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The Survivor: Joe Harris talks about his time with Nets ... and the Bucks series

Brooklyn Nets All-Access Practice Photo by David L. Nemec/NBAE via Getty Images

James Herbert of CBS Sports wrote this week of Joe Harris, the longest-serving Net, the on-court constant and poster boy for the Nets development success, a castoff who was famously underwent surgery one morning in 2016 and came out of anesthesia only to find out he’d been traded and waived.

Herbert laid out the specifics of that six-year journey in a stream of numbers.

Eighty teammates later, Harris is 30, entering the second year of a four-year contract worth $72 million guaranteed. He is the only player in Brooklyn who has gone from playing off Brook Lopez and Jeremy Lin under Kenny Atkinson to playing off Kevin Durant and James Harden under Steve Nash. He is the only player in Brooklyn who took 62 losses in Year 1 of the rebuild and 54 in Year 2. He is the only person in Brooklyn who was in the players-only meeting that precipitated the dramatic turnaround that led to the playoff berth in Year 3.

He is the Net who remains.

There are of course other numbers that tell his story. Over the past three years, he has the highest 3-point shooting percentage in the league, Twice in that three year span, he walked away with the small trophy the NBA gives the best 3-point shooter. He’s also won the 3-point shooting contest during that stretch, beating out Steph Curry. Indeed, he now holds the fourth highest 3-point percentage in NBA history, having moved past Drazen Petrovic last season. And when he hits his 13th three this season, he’ll move past Jason Kidd to become the most prolific deep shooter in Nets history, both in number of 3-pointers and percentage.

“It’s a pretty special thing just to be able to see the whole spectrum of it,” Harris told Herbert just before the season opened. He likes being “part of some foundational pillars and trying to establish good culture here, where it’s talked about through the NBA and you get veteran guys that want to come and be a part of it.”

Of course, he was one of the reasons that the Nets were attractive, a building block for a superteam. He still is. It’s not just the shooting. He’s only missed 16 games in the last four years. His opinion is trusted by his GM and head coach nearly as much as the team’s “Big Two” or “Big Three,” depending on vaccine status.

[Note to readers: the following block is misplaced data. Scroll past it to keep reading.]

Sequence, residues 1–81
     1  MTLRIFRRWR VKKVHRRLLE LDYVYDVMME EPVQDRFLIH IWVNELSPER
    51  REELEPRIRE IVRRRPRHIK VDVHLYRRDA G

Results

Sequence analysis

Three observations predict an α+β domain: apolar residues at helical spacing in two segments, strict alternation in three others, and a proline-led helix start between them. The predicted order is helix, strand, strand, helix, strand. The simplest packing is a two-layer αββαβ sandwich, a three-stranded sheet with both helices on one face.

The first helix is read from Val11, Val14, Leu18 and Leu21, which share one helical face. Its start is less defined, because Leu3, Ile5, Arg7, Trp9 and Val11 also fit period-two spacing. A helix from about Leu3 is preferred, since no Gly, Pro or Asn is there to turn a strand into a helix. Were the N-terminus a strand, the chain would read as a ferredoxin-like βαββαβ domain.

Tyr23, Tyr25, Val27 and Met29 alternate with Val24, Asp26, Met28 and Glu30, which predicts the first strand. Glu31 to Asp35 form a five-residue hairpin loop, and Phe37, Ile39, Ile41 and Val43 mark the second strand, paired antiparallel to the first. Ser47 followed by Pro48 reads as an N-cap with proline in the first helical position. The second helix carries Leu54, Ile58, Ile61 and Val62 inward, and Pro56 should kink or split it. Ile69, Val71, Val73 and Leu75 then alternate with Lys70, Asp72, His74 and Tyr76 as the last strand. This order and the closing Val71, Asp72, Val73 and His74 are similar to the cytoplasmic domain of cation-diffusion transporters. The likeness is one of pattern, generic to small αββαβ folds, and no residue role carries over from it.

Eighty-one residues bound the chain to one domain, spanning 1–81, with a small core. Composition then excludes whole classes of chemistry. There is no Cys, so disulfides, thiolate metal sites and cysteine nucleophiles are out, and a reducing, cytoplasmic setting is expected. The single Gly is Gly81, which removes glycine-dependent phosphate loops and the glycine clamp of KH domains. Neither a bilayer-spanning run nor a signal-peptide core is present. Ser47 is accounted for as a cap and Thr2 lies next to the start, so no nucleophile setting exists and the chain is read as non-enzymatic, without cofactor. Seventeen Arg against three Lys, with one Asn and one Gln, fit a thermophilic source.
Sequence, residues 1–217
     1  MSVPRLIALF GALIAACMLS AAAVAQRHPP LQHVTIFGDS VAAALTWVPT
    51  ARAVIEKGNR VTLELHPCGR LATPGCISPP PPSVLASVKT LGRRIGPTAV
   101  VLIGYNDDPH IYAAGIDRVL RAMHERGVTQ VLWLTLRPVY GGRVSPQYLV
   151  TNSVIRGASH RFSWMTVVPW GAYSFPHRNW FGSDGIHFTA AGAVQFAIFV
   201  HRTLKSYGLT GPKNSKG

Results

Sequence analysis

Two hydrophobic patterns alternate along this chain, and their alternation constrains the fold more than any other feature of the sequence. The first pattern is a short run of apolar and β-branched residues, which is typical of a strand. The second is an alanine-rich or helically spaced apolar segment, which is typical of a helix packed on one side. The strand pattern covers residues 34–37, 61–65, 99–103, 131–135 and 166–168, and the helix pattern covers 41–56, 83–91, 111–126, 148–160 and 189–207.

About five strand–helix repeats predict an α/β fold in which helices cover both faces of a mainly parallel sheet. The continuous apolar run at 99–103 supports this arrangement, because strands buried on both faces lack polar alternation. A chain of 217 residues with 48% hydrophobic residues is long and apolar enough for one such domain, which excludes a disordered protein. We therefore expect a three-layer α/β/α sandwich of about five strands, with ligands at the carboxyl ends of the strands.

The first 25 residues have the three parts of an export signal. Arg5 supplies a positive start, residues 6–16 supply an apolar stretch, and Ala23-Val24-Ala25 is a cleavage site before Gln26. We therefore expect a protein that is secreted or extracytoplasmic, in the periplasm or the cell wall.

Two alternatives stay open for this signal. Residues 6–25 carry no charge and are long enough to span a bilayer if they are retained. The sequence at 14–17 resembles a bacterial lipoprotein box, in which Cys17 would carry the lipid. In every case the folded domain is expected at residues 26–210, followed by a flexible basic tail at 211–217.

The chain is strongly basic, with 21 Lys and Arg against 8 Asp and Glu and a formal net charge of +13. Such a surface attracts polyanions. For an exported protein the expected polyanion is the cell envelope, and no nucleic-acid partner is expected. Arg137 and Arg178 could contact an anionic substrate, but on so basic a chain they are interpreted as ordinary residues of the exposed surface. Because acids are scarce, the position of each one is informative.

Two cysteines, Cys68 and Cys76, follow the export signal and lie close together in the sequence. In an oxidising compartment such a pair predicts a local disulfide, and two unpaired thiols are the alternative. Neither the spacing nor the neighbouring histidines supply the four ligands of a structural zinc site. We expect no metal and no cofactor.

“I love living in Brooklyn,” Harris said. “I think even if I wasn’t playing here, I’d still live here. I mean, I love living in New York, and this is definitely my home. I loved the city even before I started playing here, but getting to experience it through these last six years, it’s just made me even have a greater appreciation for it, and I really just love, love living here.”

In fact, he told Herbert that if he wound up playing for another team, he’d probably retain his residence in Brooklyn. Of course, there were some fans who lobbied for moving him out of Brooklyn after his performance in the Bucks series last June. He didn’t shoot well, although his head coach has said he played well otherwise. Those numbers were not so good. He shot 8-of-33 in Games 3 through 7 and missed a wide open shot late in Game 7 that fans simply cannot forget. And some will not forgive.

“Of course, I wish I would have played better,” Harris says. “Shit, like, if I had played perfect, I’d be a f---ing All-Star player, we wouldn’t be having a conversation like this. But that’s not the reality of the matter. But what is the reality is that you try and get back to right now and focus on this.”

On Opening Night in Milwaukee, he hit 3-of-5 of his three’s, but only 3-of-9 overall. Joe being Joe, he also had two assists and two rebounds, skills his fans including his head coach, regularly note when talking of his overall game. Insiders often note that he’s much more complete player than two recently retired 3-point specialists, J.J. Redick and his new assistant coach, Kyle Korver.

As Herbert notes, Harris is back in his lab, the gym, doing the monotonous reps that everyone knows is crucial to keep improving. But he’s not beating himself up about what happened last June. (He noted on Media Day that his sister and his mother had already done a lot of that.)

“F**k, we’re all some of the most competitive people in the world,” he told Herbert. “I know the fans certainly care, but, like, sh*t, I’m the one that’s in here every single day of my life busting my ass to try to get to the point where we compete at the highest level and you get in those moments for big shots. I want to make those shots more than anything, you know? That’s why I come in here and I put in work every day.”

Herbert’s story includes a lot more introspection bordering on regret, but Harris is also the ultimate professional who understands the past is the past and new challenges await. Focus, focus, focus.

The Nets, of course, will need Harris more now that Kyrie Irving’s status remains uncertain. Players like him and Patty Mills will have to step up.

“I know that I’m not going to shoot perfect every game,” Harris says. “That’s just the reality of it. I hope to, for sure — I don’t want to ever miss a shot. But I know that the chances are, I mean, it’s going to happen.”